Year 10 options

My son is in year 9 at a mainstream secondary school, however is in a special unit there which they say is a school in between a special school and mainstream. My son is autistic and has speech and language delay. We have been told that for year 10 his options will be level 1 maths and English. I have looked at another school in the area that teaches autistic children and they are offered so much more such as lots of vocational programmes along side there maths and English. Do you think I would be best trying to move him to somewhere that could accommodate him to do that? Would I have a fight on my hands to get the local authority to agree to move him? I am just so worried that he is not being offered more options and the school system is failing him again. Has anyone any positive stories of what their child went on to do?
Thank you in advance


Ruby Wright
21 Jan 2024

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A: SenseCheck

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  • 21 Jan 2024
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    Ms. Wright – I am not certain I agree with the individual or individuals who informed you that the “special unit”…” is a school in between a special school and mainstream”. In most cases, "units", "ARPs" etc are part of a mainstream school, although exceptions do exist. This matter is addressed in the Noddy Guide:

    09.045 Can a “unit” within in a school be treated as a separate school in its own right for the purposes of a placement request?

    The key consideration here is that, in the public sector, schools fall into one of two categories: mainstream schools or special schools. The definition of each is provided in the Noddy Guide.

    You have mentioned that your son currently attends a mainstream school, but you have also referred to another school "that educates autistic children." Do you know whether the potential alternative school is a special school or a mainstream school? I ask this because, although the process for requesting a change of placement is similar in both cases, the legal framework when it comes to moving schools differs slightly depending on the type of school. These differences are addressed in detail in the Noddy Guide.

    Regarding initiating a transfer, you can get in touch with the Local Authority (LA) to make your request and assess their response. They may be willing to cooperate a with you to facilitate the transfer, provided there is available space at a proposed new school. This may seem unlikely, but I have encountered instances where LAs have been quite helpful, although it may involve some effort on your part. It is essential to bear in mind that while challenges can certainly arise when dealing with individuals in the LA, many of those working in  LA Special Educational Needs (SEN) functions genuinely aim to do what they can for the children and young people they support.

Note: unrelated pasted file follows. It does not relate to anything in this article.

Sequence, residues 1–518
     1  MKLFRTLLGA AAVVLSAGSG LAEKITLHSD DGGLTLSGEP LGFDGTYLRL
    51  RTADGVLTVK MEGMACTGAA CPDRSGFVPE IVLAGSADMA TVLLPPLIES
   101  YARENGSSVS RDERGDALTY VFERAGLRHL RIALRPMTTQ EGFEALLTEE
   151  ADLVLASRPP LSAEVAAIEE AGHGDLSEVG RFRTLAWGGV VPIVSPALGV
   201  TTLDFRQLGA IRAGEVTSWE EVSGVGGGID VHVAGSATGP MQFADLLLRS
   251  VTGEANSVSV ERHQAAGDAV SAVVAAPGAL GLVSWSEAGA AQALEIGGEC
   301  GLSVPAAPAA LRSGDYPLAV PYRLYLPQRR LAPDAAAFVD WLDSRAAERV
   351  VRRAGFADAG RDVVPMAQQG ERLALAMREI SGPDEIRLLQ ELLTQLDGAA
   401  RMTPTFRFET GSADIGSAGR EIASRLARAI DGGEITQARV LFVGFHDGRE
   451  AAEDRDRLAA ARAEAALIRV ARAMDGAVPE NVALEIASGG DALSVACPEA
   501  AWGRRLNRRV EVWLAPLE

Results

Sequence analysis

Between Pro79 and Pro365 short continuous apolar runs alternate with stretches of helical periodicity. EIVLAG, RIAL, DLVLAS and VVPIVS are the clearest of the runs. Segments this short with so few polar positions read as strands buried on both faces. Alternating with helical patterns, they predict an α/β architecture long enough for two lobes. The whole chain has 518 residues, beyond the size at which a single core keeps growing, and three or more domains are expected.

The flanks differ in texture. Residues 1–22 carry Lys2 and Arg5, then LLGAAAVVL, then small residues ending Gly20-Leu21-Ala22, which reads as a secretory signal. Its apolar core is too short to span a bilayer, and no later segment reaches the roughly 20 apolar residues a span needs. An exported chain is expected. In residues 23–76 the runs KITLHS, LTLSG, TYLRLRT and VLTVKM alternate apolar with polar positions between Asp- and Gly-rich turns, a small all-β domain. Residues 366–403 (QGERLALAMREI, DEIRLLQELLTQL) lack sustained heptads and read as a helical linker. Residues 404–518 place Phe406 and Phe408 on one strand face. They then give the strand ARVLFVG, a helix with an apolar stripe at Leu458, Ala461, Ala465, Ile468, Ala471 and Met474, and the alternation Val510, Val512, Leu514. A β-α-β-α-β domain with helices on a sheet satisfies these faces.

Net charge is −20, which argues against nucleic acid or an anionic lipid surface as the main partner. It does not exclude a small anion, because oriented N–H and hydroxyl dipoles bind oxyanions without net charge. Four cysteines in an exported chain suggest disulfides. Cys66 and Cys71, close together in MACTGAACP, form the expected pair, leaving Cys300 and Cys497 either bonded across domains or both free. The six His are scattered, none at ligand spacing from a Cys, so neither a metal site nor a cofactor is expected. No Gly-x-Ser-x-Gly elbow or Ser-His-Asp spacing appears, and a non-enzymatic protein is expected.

If progress is not as straightforward as outlined above, you can request an early review meeting, if necessary, and present your case for the transfer at that time.

    If this proves unsuccessful, you can seek assistance from the First-tier Tribunal (FtT), and this process is extensively explained in the Noddy Guide.

    As for whether this is the right course of action, it ultimately rests with you. I have come across situations where a change of school has significantly improved a child's prospects. Before embarking on a transfer, it is advisable – although you may have already done so – to engage in discussions with your son's current school to explore the possibility of greater flexibility in the options they can provide. This may appear daunting, but it is a necessary step not least of all because they may surprise you with their response. 

    Additionally, visiting the potential new school to familiarise yourself with their offering is strongly advisable. It would also be prudent to consider a variety of alternative schools; this will ensure you are well-informed and could enhance your negotiations with the LA. The LA’s ‘local offer’ document should assist you in this regard. 

    Your question provides an excellent opportunity for individuals to share their experience. I sincerely hope that people will be willing to offer their insights, as I eagerly anticipate reading any such contributions and expect to gain valuable knowledge from reading them.

    To conclude, it is entirely understandable that you are feeling concerned. You are presently confronted with a situation that necessitates careful planning and organisation, which can prove rather challenging when anxiety levels are heightened. You might wish to consider seeking assistance in this process which may include checking if you qualify for legal help (a form of legal aid). For completeness I should point out that my focus has been on the matter of placement, and I have not addressed any potential amendments to other sections of your son's EHC plan. If such amendments are relevant, you may wish to raise another question. 

    Sean Kennedy

    Sean Kennedy
    Talem Law